I think it’s a matter what you are looking for. What are your goals? My money goals are going to be different than your money goals because I’m at a different place in my life. But my money goals now are just… My biggest fear of money is wasting it. I don’t know if you’ve ever heard me say this, Scott, 1,000 times in an hour and a half recently, but I don’t want to waste money. I don’t want to spend it on something that ultimately wasn’t a good use of that money. And what I have been learning is that experimenting with smaller amounts on new expenses is a great way to determine if this is, in fact, a waste or not.
And I hired a cleaning person. She came last Friday for the first time. And when she was done, she hadn’t even done the whole house because the first time, they need 27 hours if you’re me. But I was amazed at how good the house looked. And it was not a waste of money at all. I would’ve paid twice that, just don’t tell her. And it was so fantastic, she’s coming back this week to finish up the rest of it. And we’ve been trying to keep the house clean, but it was so easy to keep it clean once it was already clean, or half clean because it was a big mess. Yeah, fear of wasting. I don’t really have a fear of running out, but fear of wasting what I’ve got and doing dumb things with it.

Scott:
I think we’ve known about that fear, and maybe, Mindy, a avenue to explore would be how do you develop an equally counterbalancing fear of wasting time? And balance those two off one another. Maybe that’s how you use a healthy amount of fear to help make even better decisions than the ones that you’ve made already.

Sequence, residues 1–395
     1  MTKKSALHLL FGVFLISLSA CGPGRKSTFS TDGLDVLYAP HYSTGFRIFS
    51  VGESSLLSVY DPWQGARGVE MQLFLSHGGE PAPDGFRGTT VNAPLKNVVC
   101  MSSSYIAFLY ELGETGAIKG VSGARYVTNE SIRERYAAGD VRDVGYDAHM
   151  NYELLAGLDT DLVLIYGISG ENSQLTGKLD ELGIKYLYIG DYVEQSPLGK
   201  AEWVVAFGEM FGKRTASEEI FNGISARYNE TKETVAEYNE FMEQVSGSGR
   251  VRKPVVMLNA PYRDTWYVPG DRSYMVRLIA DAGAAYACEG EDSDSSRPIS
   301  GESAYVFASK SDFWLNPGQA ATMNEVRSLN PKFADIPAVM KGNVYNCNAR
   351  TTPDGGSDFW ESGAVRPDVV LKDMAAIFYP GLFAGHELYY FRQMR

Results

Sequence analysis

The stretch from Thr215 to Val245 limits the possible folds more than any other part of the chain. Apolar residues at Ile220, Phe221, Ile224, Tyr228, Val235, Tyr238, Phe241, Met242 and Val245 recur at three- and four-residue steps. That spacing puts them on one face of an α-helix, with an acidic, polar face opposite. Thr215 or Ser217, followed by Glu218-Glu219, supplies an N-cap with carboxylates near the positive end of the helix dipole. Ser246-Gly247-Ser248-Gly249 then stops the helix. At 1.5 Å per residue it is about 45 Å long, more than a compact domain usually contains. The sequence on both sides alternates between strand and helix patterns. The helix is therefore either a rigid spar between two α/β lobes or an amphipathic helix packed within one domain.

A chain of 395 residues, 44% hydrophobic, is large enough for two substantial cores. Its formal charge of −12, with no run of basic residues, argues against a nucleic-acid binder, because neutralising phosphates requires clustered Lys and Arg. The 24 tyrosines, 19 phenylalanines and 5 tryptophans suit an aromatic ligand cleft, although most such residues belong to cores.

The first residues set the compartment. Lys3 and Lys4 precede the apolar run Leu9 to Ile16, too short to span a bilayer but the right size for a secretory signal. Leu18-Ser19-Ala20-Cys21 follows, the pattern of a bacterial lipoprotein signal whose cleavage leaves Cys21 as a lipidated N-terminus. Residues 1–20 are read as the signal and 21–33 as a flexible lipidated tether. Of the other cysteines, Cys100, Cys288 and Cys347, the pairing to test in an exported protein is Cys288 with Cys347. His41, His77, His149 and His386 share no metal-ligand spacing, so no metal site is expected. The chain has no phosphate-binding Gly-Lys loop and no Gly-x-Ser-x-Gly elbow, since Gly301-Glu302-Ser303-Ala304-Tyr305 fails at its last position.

Mindy:
Wow. When did you get so smart, Scott? Now I got to go dive into that thought.

Scott:
That’s the trade-off. I do want to leave everybody with one last thought here on fear. Again, just from a practical guiding point, I’ve found… And this is in the parenting book I’ve been reading, which I’ve been devouring lately now that we have a little one. But there’s a cool little concept that I’ve never really… that is so obvious to many parents out there, but it’s labeling your emotion, just stating it, even saying it out loud when you’re feeling a strong emotion. Once you label it, you can control it. Once you label your fear and actually just say it, “What am I fearing here? What do I assign the probabilities of those outcomes to?” That is the first step here. If you take nothing away from this episode, I think that just that one thing of labeling it and saying, “I’m afraid of this,” is so freeing to a certain point and allows you to begin the plan of attack to address that fear, even if it takes a long time. That’s just that one action piece that I would encourage people to walk away with is just label it.
And apparently, that’s also super healthy for kids. That’s what they teach in a lot of the parenting books is when your kid’s throwing a tantrum, you’re jealous or you’re angry or you’re hungry or whatever it is. Even from an early age, apparently that helps them control their emotions better. It certainly helped me. I immediately put it to use in my own life.

Mindy:
Love it, Scott. That’s awesome advice.

Scott:
All right. Well, should we get out of here?

Mindy:
We should, Scott. That wraps up this episode of the BiggerPockets Money Podcast. He’s Scott Trench and I am Mindy Jensen saying get out of the house, mouse.

Scott:
If you enjoyed today’s episode, please give us a five star review on Spotify or Apple. And if you’re looking for even more money content, feel free to visit our YouTube channel at youtube.com/biggerpocketsmoney.

Mindy:
BiggerPockets Money was created by Mindy Jensen and Scott Trench, produced by Kailyn Bennett, editing by Exodus Media, copywriting by Nate Weintraub. Lastly, a big thank you to the BiggerPockets team for making this show possible.

 

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Note By BiggerPockets: These are opinions written by the author and do not necessarily represent the opinions of BiggerPockets.